Articles: Cases/PSU
 

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Testbed and Testing Methodology

We test assembled system cases at a constant ambient temperature of 23°C maintained by an air conditioner. As we assume that most users prefer low-noise computers, we set the speed of the CPU and system fans (connected via the mainboard’s 3-pin connectors) at Silent (the quietest mode in the mainboard’s BIOS). If a system case has its own speed controller, we switch it to its minimum speed, too. We do not change the default configuration of air flows determined by system case design.

The following components are installed into each system case:

  • Intel Core 2 Duo E6850 processor (3.00 GHz)
  • Zalman CNPS9500 AT cooler
  • ASUS P5E Socket 775 mainboard (Intel X38)
  • Western Digital Raptor WD740GD hard disk (74 GB, 3.5”, 10,000 RPM, SATA)
  • Three Western Digital Raptor WD740ADFD hard disks (3.5”, 10,000 RPM, SATA)
  • 2GB DDR2-800 SDRAM memory module Patriot PDC24G6400LLK (PC6400, 800 MHz, CL4)
  • HIS HD 3870 IceQ3 Turbo H387Q512NP graphics card (Radeon HD 3870)
  • OCZ OCZ-ZS550W (550 W)
  • Microsoft Windows 7 Home Premium 32-bit SP1

We test system cases with their bundled PSUs if they have one. If not stated otherwise, the HDDs are listed in the order of their placement from the top HDD bay downwards without any gaps.

The temperature of the CPU is measured with Core Temp 0.99.8. HDD, GPU and mainboard temperatures are measured with CPUID Hardware Monitor. The speed of the fans is measured with an optical tachometer Velleman DTO2234. There are the following test modes:

  • Idle
  • IOMeter (IOMeter’s Access Time test running on all the HDDs to load them fully)
  • Linpack (Linpack-based Intel Burn Test 2.5 runs in the stress test mode, loading both CPU cores; we show you the peak temperature of the hottest CPU core in the diagrams)
  • MSI Kombustor (full-screen mode, DirectX 9 rendering, 1280x1024 with 8x MSAA, Xtreme burn-in; we show you the peak temperature of the hottest CPU core in the diagrams)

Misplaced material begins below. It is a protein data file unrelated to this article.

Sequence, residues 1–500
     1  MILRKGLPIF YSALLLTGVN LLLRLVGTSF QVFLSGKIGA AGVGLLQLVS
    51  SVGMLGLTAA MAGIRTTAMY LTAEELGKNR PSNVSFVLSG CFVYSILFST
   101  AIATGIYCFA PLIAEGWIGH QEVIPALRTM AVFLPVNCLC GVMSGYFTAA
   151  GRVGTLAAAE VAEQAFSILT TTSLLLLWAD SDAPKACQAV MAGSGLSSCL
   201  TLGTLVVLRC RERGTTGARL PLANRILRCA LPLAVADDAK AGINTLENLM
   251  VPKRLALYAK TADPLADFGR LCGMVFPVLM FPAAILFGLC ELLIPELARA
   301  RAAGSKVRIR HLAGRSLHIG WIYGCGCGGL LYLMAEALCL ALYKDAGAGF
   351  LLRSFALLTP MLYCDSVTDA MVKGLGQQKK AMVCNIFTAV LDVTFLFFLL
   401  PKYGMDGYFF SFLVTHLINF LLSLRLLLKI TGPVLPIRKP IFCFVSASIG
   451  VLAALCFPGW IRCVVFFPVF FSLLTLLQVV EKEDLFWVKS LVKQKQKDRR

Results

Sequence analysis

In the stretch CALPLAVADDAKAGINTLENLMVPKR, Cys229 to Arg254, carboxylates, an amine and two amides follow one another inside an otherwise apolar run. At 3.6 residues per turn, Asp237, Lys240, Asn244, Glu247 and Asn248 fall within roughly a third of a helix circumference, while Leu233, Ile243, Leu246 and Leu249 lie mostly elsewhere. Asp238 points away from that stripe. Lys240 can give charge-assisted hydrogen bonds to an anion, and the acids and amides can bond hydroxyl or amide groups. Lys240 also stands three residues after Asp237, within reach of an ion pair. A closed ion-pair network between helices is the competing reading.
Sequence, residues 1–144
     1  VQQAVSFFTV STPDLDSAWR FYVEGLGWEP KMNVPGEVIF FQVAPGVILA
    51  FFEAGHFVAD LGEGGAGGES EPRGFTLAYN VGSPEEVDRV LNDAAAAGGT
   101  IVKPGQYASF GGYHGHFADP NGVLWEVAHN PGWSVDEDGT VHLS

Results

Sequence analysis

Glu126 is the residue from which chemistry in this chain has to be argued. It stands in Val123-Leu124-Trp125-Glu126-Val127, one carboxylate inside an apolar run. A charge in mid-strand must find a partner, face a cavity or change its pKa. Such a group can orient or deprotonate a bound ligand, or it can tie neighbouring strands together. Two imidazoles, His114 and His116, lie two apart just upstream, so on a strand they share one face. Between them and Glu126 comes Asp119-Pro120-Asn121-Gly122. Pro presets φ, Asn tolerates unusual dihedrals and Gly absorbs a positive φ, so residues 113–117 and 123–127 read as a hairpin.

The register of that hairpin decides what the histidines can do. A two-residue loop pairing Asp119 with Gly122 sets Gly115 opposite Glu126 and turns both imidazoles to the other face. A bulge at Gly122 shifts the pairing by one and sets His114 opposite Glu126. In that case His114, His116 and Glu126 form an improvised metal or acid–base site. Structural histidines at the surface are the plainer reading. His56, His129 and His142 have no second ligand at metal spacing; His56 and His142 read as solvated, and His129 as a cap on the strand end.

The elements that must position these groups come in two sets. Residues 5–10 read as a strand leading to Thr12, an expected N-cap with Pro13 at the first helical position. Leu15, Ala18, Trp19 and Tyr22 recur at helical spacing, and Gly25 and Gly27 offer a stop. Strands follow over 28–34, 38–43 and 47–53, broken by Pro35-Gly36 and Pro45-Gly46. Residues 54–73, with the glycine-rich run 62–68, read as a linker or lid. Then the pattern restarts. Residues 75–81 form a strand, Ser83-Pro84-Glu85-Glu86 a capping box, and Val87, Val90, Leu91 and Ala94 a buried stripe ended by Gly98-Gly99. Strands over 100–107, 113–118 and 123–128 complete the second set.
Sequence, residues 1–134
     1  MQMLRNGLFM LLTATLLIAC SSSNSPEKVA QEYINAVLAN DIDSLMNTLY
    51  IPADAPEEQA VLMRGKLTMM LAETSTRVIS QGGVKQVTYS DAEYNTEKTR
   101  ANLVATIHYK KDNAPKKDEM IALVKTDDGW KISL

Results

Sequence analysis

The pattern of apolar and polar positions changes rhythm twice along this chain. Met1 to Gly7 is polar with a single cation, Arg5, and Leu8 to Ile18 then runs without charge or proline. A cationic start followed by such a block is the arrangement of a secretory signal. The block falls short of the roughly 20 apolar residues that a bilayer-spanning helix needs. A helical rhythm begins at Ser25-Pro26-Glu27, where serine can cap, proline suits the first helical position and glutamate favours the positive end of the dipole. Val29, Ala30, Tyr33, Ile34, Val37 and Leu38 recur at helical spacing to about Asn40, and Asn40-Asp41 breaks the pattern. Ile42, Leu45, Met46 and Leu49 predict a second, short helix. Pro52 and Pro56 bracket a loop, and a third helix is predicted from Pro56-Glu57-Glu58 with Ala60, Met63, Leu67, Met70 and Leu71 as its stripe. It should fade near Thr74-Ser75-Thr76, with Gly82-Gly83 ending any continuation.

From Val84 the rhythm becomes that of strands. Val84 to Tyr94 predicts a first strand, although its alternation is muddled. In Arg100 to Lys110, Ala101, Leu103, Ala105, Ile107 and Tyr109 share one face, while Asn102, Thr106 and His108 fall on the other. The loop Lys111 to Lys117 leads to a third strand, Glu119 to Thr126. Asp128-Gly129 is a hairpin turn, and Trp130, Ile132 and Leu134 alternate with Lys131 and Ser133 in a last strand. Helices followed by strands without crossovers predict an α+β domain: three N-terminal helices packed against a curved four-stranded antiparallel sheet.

Every temperature is read after the system has worked for half an hour in the current test mode. The following table shows the temperatures of the components if the system is assembled without an enclosure (“open testbed”).

Open testbed

The noise level is evaluated subjectively.

Test Results

We don’t change anything in our testing methods today (except that we test the Corsair Carbide 200R with and without an additional fan), so we can get straight to business.

Corsair Carbide 200R

As expected, the Corsair Carbide 200R isn’t good at cooling hard disks. On the other hand, our very hot Raptors have a peak temperature of only 55°C, which isn’t so bad for a computer case that doesn’t have a dedicated fan for the disk rack.

Otherwise, the results are average except for the rather high GPU temperature both when idle and under load. It is especially strange because the preinstalled fan blows right at the graphics card, so the GPU should be colder than usual.

Corsair Carbide 200R + fan

The Carbide 200R isn’t as bad in its out-of-box configuration as we had feared. However, our apprehensions come true concerning the additional fan. It doesn’t improve the temperature of the HDDs much whereas the other temperatures have got even higher. So, the additional fan is useless here (at least at comfortable speeds).

Thermaltake Chaser A41

The Thermaltake Chaser A41 is overall better in terms of cooling – and quite expectedly so considering its higher price and extra 200mm fan. But it’s only in terms of HDD temperature that it is much better. The WD Raptor drives only get hotter than the safe 40°C in the random-access mode. Today’s more economical HDDs are going to be much colder.

 
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